Database Techniques with Motion Capture

SIGGRAPH tutorial, San Diego
Monday Aug 6, 3:15 - 5:30 pm, 2007
Nancy Pollard, Jessica Hodgins, Christos Faloutsos (CMU)


Motion-capture databases are now large, varied, and widely used. This course covers techniques that are useful for organizing, processing, and navigating such databases. Topics include choice of distance function, indexing for fast retrieval, and time-series prediction for stitching, segmentation, and outlier detection. Current and potential applications are discussed. Prerequisites Typical knowledge derived from undergraduate studies in computer science.



Foils in pdf: part1 and part2

Intended Audience

Researchers who want to get up to speed with the major tools for indexing and processing large motion-capture databases. Also practitioners who want a concise, intuitive overview of the state of the art.


Pollard's photo Nancy Pollard is an Associate Professor in the Robotics Institute and the Computer Science Department at Carnegie Mellon University. She received her PhD in Electrical Engineering and Computer Science from the MIT Artificial Intelligence Laboratory in 1994. She was awarded an NSF CAREER grant in 2001 for research on ``Quantifying Humanlike Enveloping Grasps'', and the Okawa Research Grant in 2006 for her work on ``Dexterity and Natural Motion for Computer Graphics and Robotics''. Her primary research objective is to understand how to create natural motion for animated human characters and humanoid robots, with particular focus on grasping, manipulation and hands.
Hodgin's photo Jessica Hodgins joined the Robotics Institute and Computer Science Department at Carnegie Mellon University as a Associate Professor in fall of 2000. Prior to moving to CMU, she was an an Associate Professor and Assistant Dean in the College of Computing at Georgia Institute of Technology. She received her Ph.D. in Computer Science from Carnegie Mellon University in 1989. She has received a NSF Young Investigator Award, a Packard Fellowship, and a Sloan Fellowship. She was editor-in-chief of ACM Transactions on Graphics from 2000-2002 and Papers Chair for ACM SIGGRAPH 2003.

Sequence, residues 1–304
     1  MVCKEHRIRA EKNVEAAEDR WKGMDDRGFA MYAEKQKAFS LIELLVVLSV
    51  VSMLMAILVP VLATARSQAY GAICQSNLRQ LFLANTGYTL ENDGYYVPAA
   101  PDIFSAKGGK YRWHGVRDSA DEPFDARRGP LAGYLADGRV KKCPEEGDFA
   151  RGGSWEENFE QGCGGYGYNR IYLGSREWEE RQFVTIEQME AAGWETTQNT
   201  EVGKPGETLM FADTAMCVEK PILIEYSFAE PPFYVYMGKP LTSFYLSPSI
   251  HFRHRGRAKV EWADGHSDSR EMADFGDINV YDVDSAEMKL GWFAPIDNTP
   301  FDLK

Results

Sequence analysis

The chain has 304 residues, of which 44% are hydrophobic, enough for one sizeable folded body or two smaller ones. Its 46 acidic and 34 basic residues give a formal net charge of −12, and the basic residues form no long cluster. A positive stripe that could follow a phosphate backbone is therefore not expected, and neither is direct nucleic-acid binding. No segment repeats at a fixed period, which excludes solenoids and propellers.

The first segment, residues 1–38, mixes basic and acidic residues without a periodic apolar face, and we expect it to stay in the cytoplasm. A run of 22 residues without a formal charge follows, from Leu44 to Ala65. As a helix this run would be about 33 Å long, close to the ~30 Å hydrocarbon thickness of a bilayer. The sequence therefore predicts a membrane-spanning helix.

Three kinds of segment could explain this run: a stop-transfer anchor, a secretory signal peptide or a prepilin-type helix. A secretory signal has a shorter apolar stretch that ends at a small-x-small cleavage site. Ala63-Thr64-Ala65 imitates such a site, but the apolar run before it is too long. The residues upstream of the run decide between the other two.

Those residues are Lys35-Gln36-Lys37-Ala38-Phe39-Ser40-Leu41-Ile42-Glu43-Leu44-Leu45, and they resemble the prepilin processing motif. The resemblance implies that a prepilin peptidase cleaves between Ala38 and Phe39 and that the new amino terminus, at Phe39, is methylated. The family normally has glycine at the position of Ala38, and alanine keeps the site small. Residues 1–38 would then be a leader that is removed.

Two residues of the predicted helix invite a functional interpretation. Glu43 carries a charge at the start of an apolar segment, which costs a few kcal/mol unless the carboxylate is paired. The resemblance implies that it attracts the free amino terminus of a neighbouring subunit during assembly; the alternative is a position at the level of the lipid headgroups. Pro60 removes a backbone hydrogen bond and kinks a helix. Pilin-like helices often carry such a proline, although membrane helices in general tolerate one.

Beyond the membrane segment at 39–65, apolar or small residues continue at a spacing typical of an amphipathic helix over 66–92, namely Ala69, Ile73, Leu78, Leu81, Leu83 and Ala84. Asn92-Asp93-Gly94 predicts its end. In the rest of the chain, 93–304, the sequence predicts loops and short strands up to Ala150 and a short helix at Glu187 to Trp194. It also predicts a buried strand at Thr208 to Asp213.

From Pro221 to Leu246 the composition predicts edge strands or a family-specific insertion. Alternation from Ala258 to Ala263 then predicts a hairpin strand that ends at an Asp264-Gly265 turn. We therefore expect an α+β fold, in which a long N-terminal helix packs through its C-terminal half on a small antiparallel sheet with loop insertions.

Faloutsos' photo Christos Faloutsos is a Professor at Carnegie Mellon University. He has received the Presidential Young Investigator Award by the National Science Foundation (1989), the Research Contributions Award in ICDM 2006, ten ``best paper'' awards, and several teaching awards. He has served as a member of the executive committee of SIGKDD; he has published over 160 refereed articles, 11 book chapters and one monograph. He holds five patents and he has given over 20 tutorials and 10 invited distinguished lectures. His research interests include data mining for streams and graphs, fractals, database performance, and indexing for multimedia and bio-informatics data.